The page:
Like any sport, squash has specific names for equipment, strokes, and scoring. Whether you’re starting to play, or just thinking about starting, you’ll want to be familiar with them so you can communicate with your partners and opponents.
Let’s start with the racket. There are four parts: grip, head, shaft, and throat.
The grip is at the straight end of the racket, the taped area you hold when you swing it.
The head is the circular area that contains the strings and is measured in the specifications in square centimetres.
The shaft connects the grip to the head.
The throat is the area that connects the head to the shaft.
To choose a racket that’s right for you, several factors should be considered, including:
- This is the total weight of the racket. This term can be misleading, as some manufacturers give the weight of the head only. Also, tape and strings will add weight, which must be figured into the final evaluation of what weight’s right for you. Most beginners start with a heavier racket; most pro’s use a lighter one. Heavier rackets tend to be more durable, and don’t have to be replaced as often.
- As in any racket sport, the balance of the racket is important and must fit the preferences and style of the player. One benefit of a racket that’s fairly head heavy is it gives beginners a good feeling for where the racket head is as they swing. Head light rackets are a bit more maneuverable and can be swung more quickly.
Strings and string patterns. There are many different string patterns, which is the way the horizontal strings cross the vertical ones, and how many there are. They vary with different head shapes and provide different degrees of tension.
Throat shape. The throat is the area that joins the shaft to the head. There are at least three common types: open, closed, and hybrid. Closed means there is a large roughly V-shaped open area; open means the head basically joins the shaft with no visible throat; the hybrid is a small, open V-shaped area joining the head to the shaft.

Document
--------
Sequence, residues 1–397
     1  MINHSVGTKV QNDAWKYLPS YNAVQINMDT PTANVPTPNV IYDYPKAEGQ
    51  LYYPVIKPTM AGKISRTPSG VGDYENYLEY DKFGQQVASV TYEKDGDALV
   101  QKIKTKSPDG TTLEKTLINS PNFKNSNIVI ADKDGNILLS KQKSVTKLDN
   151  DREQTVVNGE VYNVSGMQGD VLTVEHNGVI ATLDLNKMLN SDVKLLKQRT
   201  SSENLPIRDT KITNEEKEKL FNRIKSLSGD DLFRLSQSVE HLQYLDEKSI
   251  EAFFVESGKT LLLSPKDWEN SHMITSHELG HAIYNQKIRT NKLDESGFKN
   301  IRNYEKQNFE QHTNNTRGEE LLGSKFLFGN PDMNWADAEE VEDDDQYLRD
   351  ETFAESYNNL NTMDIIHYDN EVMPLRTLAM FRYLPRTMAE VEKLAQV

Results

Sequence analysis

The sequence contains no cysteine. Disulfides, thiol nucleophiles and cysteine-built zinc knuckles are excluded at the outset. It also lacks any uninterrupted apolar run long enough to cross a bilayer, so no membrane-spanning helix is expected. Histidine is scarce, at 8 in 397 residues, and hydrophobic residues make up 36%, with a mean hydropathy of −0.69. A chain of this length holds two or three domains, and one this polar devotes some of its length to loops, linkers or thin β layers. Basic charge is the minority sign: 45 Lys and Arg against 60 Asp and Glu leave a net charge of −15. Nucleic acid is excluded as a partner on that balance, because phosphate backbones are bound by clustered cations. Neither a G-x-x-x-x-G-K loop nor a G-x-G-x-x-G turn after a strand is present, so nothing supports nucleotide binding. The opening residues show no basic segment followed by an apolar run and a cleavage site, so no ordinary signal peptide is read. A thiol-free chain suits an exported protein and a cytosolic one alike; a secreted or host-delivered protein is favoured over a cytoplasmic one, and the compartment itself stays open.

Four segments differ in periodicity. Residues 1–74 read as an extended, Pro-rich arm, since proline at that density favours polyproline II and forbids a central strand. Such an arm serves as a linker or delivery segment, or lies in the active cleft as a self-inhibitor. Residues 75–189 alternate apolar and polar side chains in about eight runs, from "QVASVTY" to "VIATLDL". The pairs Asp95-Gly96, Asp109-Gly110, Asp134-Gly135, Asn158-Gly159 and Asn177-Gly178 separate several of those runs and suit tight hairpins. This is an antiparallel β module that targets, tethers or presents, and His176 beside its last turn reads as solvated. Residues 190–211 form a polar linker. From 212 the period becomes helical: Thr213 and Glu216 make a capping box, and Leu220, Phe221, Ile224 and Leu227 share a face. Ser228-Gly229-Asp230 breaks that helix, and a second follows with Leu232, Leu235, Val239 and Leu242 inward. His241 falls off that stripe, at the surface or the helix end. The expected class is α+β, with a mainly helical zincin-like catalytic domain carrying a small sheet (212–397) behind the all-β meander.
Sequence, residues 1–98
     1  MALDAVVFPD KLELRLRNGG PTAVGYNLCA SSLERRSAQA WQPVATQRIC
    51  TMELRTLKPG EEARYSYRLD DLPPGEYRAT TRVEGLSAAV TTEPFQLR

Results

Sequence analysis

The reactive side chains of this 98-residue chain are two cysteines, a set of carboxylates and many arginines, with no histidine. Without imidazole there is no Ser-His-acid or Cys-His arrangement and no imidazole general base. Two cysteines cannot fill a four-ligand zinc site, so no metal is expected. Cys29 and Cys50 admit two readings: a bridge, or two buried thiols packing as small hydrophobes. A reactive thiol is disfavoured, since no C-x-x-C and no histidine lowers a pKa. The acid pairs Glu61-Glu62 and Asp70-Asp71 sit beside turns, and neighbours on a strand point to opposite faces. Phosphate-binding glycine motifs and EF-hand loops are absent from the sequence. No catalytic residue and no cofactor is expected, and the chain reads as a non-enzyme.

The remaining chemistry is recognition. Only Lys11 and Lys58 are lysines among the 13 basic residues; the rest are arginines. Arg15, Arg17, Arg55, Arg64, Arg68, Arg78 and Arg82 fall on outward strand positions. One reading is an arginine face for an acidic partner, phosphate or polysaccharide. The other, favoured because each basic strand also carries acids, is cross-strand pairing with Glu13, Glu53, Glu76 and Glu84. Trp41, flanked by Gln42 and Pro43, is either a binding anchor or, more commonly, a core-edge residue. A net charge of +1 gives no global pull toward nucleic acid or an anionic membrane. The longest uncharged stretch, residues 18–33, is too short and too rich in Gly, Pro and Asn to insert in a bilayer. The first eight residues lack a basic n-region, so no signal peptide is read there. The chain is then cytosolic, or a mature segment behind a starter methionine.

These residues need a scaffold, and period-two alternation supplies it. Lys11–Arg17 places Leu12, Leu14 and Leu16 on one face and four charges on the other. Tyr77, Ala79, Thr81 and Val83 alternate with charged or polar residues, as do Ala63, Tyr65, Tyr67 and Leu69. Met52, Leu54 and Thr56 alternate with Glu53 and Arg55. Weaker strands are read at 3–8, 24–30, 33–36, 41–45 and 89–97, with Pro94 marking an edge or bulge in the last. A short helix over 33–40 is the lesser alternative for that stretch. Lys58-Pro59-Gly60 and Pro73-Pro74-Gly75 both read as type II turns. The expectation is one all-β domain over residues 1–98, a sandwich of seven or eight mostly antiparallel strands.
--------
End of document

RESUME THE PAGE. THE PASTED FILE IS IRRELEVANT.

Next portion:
As in any other game, there are many terms describing various facets of the game, many of them unique to squash. Among them are:
- A serve the opponent not only can’t reach but can’t put a racket on.
- The area along a sidewall
- A horizontal mark on the front wall, just above the tin.
- A strong shot hit to the front wall.
- A shot struck so softly it hits the front wall and dies, making it un-returnable.
- An unacceptable serve.
Game ball. When the server needs only one point to win the game.
- The first player to reach nine points wins the game.
- A difficult successful return.
Half volley. A shot played just after the ball hits the floor.
Halfcourt line. A line parallel to the side walls divides the back of the court into equal parts.
Hand out. Change of server.
- The time from when a player begins to serve until they become a receiver.
Hot ball. A ball that has been warmed up by being struck, making it bouncier.
- A hard-hit shot that’s un-returnable.
- Called when a point must be replayed.
- A shot that hits the front wall first then hits the crack between the floor and a sidewall. Usually unreturnable.
Not up. The ball was not legally struck according to the rules. For example, a ball that bounces twice on the floor before being struck.
- A shot that has struck the outline or otherwise struck the wall improperly
- A continuous line running around the court marking the highest point at which a ball may legally strike the wall.
- Won when the opponent fails to return a shot.
Putaway or Winner. An unreturnable shot.
- Starts when the server puts the ball in play and ends when one of the players fails to return a shot.
Service box. A box outlined on the floor of the court in which the player must stand to serve.
Short line. A line across the width of the court marking the front of the service box.
The T. A space on the floor where the short line is joined by the halfcourt line. Staying “in the T” gives a player the best chance to return an opponent’s shot.
- A metal strip across the lower part of the front wall makes a distinctive sound when struck by the ball. The ball must strike the wall above the tin to be a good shot.
- Returning a shot before it bounces. Also referred to by players as “picking it off the floor.”